Presentation by (Retired) Capt. Wilfred Bartlett 9

#6 Gravel Pit camping, this is the one that really sticks in my craw. Minister Johnson has started a war that she can’t win; she started out this year on a campaign to deny all Nflders and Labradorians that don’t have title to the land where their trailer or cabin is located, the right to enjoy our great outdoors. In an interview on CBC radio she asked the question, “why are you doing this now?”, her answer was, “I didn’t start this now, this has been an ongoing campaign”, if this is true why by her own admission there are 4000 illegal campers that she knew off. Some of these campers have been there 20-30 years. I contend that there are many more because there are many more around our bays and islands and they will have to be targeted too. The Provincial Government is spending millions of dollars advertising across Canada and other countries trying to entice tourist to visit our fair Province to enjoy our beautiful scenery. At the same time they are targeting the people that built this Province with their sweat and blood, and denying them the right to enjoy the same thing by driving them out of their favourite camping spot and forcing them to stay home, these 4000 plus campers are mostly low income and retired citizens with nowhere to go. At the same time CBPPL, a Montreal based company, that has timber rights to approx 1/3 of all the forested land on this island, is refusing the vast majority of applications for development on crown lands, where they own the timber rights. I myself applied for a cabin permit on a woods road last year and got turned down by CBPPL, where are these campers supposed to go? If there was an environmental problem with some of these campers they should have been targeted, not the 95% that are causing no problems. She has used 2 reasons for doing this, one is they don’t own the land, it is crown land, but who owns crown land? If she was compassionate she would have given them the opportunity to get the land registered, if that was her problem. The other reason was that people applied for a permit to build a cabin but before it was approved someone had already occupied it. A very flimsy excuse. #7 Minister Johnson has also limited the time you can part a trailer in any one spot to 48 hours. Example I purchased a 16’ trailer last year took it up in the woods in mid September to an area that I hunt, parked it and left it there until just before the snow came and towed it back home, I was only up there on Saturdays and Sundays. Now this year I have to drag it a two hour drive on Saturday morning and bring it back home on Sunday night burning up more gas and extra danger on the highway, plus the time of setting it up and for what? I have always strived to make this Province a better place for my grandchildren and great grandchildren, so they could enjoy the things that my parents and grand parents left for me but what I see happening is an erosion of our freedoms and our way of life, that we have had for so many years, we are no longer living in a free society. We are being regulated to death.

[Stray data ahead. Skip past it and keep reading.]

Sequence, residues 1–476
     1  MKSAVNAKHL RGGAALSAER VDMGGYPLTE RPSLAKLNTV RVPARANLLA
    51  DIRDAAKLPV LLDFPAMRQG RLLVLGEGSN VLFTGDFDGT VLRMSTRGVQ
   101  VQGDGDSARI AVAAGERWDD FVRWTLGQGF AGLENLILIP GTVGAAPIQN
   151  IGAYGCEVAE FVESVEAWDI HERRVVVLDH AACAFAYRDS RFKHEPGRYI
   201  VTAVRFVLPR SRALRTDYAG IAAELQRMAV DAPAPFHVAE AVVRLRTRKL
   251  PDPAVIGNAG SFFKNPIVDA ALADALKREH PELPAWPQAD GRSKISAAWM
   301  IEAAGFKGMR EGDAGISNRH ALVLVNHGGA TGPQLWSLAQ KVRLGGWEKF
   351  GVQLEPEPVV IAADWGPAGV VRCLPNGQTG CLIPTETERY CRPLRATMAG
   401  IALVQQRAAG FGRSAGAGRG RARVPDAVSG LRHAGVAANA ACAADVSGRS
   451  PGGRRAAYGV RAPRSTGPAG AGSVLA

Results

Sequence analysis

Presentation by (Retired) Capt. Wilfred Bartlett 10

While there are some MHA’s that are doing a good job I would not have a problem giving them a raise, but there are others that should not be there, and as with Minister Johnson’s stand on the campers the 95% that are causing no problem has to pay the same as the 5% that are causing a problem. It is for the above reasons that I am voting NO to a raise for our MHA’s and I believe that their pensions are far to generous for people who has only spent a short few years in politics. Submitted By: (Retired) Capt. Wilfred Bartlett Brighton, NL 709-263-2575 e-mail: [email protected]

Presentation by Mr. Norman Mercer 11

Public Presentation to the Member’s Compensation Review Committee

Tuesday, August 18th, 2009 2:00 p.m.

Capital Hotel

By: Mr. Norman Mercer